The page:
Our Wednesday roundup of tax-related tech news from the Internets.
What Would Woz Do?… Apple co-founder Steve Wozniak wants us to beware of the cloud. In remarks given at a performance of the one-man show “The Agony and Ecstasy of Steve Jobs,” Wozniak expressed his concern about a basic predicate of cloud-storage systems: end-user licensing agreements. Woz is concerned that in executing these agreements—many of them require the end-user to sign over their rights to access the cloud service—end-users may lose control over their files and software in the cloud; especially, if the cloud continues grow in popularity.
Zooom, Zoooom… If you—or your business—owns a hybrid with a plug, and you are a South Carolina taxpayer, you may have a credit due. Last week, legislation extending the credit for hybrid vehicles went into effect for taxpayers who purchased or leased a plug-in hybrid car in South Carolina from 2012 through 2017. Certain restrictions apply. Taxpayers who think that they might meet the eligibility requirements should consult the required form. Unused credits can be carried forward for five years.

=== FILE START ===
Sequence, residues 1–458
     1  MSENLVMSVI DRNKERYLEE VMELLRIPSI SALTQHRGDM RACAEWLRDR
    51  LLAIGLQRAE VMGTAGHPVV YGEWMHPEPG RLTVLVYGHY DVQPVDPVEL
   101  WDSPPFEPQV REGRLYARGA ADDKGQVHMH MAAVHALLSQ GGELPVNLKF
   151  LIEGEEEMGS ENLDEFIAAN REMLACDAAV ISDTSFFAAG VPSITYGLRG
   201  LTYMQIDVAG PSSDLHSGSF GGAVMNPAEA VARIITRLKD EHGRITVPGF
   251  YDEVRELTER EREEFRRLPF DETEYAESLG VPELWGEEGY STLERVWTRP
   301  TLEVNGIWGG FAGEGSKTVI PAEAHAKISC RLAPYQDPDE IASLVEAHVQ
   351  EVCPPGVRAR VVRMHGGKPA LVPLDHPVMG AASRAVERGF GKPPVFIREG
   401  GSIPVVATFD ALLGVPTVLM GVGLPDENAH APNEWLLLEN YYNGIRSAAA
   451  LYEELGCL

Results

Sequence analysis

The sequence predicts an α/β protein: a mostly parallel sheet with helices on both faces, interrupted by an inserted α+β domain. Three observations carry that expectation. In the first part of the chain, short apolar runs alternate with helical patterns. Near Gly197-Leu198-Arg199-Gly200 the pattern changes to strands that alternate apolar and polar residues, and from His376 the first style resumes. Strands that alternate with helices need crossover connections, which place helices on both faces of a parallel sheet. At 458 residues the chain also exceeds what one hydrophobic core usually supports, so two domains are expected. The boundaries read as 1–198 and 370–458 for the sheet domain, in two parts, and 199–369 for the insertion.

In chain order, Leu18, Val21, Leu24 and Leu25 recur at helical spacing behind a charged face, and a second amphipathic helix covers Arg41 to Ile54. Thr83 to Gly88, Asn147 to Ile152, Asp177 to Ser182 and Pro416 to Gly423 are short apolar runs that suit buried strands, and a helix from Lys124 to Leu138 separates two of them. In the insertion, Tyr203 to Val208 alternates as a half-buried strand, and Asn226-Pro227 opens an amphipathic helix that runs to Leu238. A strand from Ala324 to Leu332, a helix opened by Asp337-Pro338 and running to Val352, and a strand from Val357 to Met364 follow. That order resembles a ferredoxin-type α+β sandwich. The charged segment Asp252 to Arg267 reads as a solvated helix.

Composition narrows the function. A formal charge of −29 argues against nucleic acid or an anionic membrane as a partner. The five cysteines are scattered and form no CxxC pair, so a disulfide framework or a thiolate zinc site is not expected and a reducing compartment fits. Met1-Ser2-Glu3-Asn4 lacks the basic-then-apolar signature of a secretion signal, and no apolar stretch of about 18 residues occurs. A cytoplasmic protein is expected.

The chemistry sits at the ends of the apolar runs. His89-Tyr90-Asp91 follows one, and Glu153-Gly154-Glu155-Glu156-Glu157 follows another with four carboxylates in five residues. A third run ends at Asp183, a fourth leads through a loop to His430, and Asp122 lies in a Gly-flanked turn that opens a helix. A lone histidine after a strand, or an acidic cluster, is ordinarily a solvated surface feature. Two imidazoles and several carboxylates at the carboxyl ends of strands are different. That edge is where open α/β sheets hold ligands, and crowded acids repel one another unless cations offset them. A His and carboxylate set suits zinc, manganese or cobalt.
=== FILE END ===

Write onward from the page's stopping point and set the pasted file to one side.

What? No Fist Pump for That .Com Tax?… A recent study conducted by Fairleigh Dickinson University’s PublicMind Poll asked 945 Garden State residents whether the possible added tax revenue from the state imposing an online sales tax would “be worth the burden” to consumers. Fifty-three percent of respondents said that it would not. Presently, New Jersey imposes a 7% use tax on purchases made by New Jersey taxpayers from remote sellers, however, the amount of use tax collected is based on self-reporting. The poll comes on the heals of last week’s hearing in the Senate Finance Committee on federal legislative efforts to pass a bill allowing the states to impugn nexus for remote sellers, and New Jersey’s deal earlier this year with retailer Amazon.com under which the site will begin to collect sales tax from New Jersey residents in 2013.
Why California May Want a Dislike Button… In other news from the Facebook IPO, reports surfaced this past week that the decline in share price of the stock for the popular procrastination social media site could have California seeing red—literally. The per-share price of FB stock fell to $19.82 last week—down from $38 at its public offering. The problem for California is that the $93.1 billion budget signed into law in June assumed a $1.9 billion tax revenue from top-stock owners (we’re looking at you, Mark Zuckerberg). This assumption was based on a sales price of $35 per share. If this trend continues through the end of the year, a significant portion of the projected revenue could be at risk.